Trump Team Evaluating a Response to North Korean Aggression

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Trump has been tough on North Korea as the regime has fired a series of ballistic missiles and conducted its sixth and most powerful nuclear test in recent months. "And ultimately, I will do what's right for the United States and, really, what's right for the world".

Earlier this week news came out that the United Kingdom, a key US ally and NATO member, has been drawing up military plans for a potential armed conflict with North Korea.

Trump slammed more than two decades of US policy toward North Korea on Twitter on Monday, saying past action to quell the crisis "didn't work".

"I think I might have a somewhat different attitude and a different way than other people. Because that is really a world problem; that is beyond just the United States", he said.

"What I suggest is that the USA consistently sends out a message to North Korea that 'what we want is not a regime change or a preventive war, but a policy change toward your denuclearization, '" Yoon said.

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"This should have been handled 25 years ago, it should have been handled 20 years ago, and 10 years ago, and five years ago", he said.

On Tuesday, President Trump met with his national security team and top military leaders to discuss military options against North Korea. "It should have been handled by numerous - not just (former USA president Barack) Obama, but certainly president Obama should have taken care of it". Trump's Director of the Office of Management and Budget, Mick Mulvaney, later said that the president was telegraphing with the statement that "military options are on the table". She described herself as a moderate Republican but voiced anxiety about how North Korea might respond to Trump's tough talk and tweets. "In return, North Korea may be able to demand the termination of joint South Korea-U.S. military exercises and sanctions as well as a signing of a peace regime", according to Yoon. They embraced market economies.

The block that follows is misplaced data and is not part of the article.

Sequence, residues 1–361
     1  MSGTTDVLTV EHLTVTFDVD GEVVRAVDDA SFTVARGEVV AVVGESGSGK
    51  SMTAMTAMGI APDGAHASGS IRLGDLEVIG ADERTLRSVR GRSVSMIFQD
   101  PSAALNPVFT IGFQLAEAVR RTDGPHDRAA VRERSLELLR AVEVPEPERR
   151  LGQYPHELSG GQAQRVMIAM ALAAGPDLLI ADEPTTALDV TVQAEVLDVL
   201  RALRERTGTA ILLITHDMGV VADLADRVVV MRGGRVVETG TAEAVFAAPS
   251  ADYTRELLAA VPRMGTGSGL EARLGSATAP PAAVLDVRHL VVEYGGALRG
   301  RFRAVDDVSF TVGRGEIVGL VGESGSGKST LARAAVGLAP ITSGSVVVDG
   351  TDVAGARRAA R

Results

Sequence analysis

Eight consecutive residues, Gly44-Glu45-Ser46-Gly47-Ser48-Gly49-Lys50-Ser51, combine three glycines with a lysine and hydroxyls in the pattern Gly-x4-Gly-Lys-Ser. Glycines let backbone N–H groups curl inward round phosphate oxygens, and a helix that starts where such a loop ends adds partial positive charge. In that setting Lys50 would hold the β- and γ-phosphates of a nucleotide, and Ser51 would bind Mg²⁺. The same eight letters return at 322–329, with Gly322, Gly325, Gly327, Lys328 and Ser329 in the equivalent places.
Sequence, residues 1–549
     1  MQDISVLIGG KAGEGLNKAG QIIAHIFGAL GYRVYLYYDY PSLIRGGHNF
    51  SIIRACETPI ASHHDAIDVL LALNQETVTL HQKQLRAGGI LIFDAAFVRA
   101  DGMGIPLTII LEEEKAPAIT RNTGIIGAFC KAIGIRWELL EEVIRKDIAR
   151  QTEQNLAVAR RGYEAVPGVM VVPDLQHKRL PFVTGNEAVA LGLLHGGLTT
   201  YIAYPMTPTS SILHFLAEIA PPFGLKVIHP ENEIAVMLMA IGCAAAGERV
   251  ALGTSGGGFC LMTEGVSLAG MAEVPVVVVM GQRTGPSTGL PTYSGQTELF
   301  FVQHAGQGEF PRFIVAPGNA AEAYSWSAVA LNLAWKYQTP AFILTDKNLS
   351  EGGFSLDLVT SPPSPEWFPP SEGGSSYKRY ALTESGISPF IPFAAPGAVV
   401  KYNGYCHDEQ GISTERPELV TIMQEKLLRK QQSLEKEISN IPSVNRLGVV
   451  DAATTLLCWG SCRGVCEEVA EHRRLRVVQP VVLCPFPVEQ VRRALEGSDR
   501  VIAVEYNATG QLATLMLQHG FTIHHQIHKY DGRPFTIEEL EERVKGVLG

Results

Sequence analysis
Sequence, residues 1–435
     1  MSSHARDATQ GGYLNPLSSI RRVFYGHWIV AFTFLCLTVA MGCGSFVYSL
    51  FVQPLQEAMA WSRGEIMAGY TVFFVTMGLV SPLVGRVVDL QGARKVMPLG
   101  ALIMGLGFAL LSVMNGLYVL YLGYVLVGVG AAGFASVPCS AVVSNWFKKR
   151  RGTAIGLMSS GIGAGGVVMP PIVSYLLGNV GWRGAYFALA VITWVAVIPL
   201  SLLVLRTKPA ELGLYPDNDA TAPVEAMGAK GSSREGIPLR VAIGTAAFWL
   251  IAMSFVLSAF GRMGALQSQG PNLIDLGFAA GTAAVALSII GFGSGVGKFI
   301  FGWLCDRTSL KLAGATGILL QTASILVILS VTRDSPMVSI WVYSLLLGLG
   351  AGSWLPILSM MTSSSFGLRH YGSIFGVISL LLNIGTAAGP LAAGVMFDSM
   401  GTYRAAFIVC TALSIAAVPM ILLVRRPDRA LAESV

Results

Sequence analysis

Even though tensions remain high over Pyongyang's development of nuclear weapons, Seoul remains committed to dialogue with the North. "Economic trade and let's work on those things that we can agree on and then put the nuclear weapons away", he added.

North Korean leader Kim Jong-un again defended Sunday's development of his "valuable" nuclear program, and keeps insisting that it is needed in order to address any USA threats, coinciding with Saturday's Trump statements that "only one thing will work" with Pyongyang.

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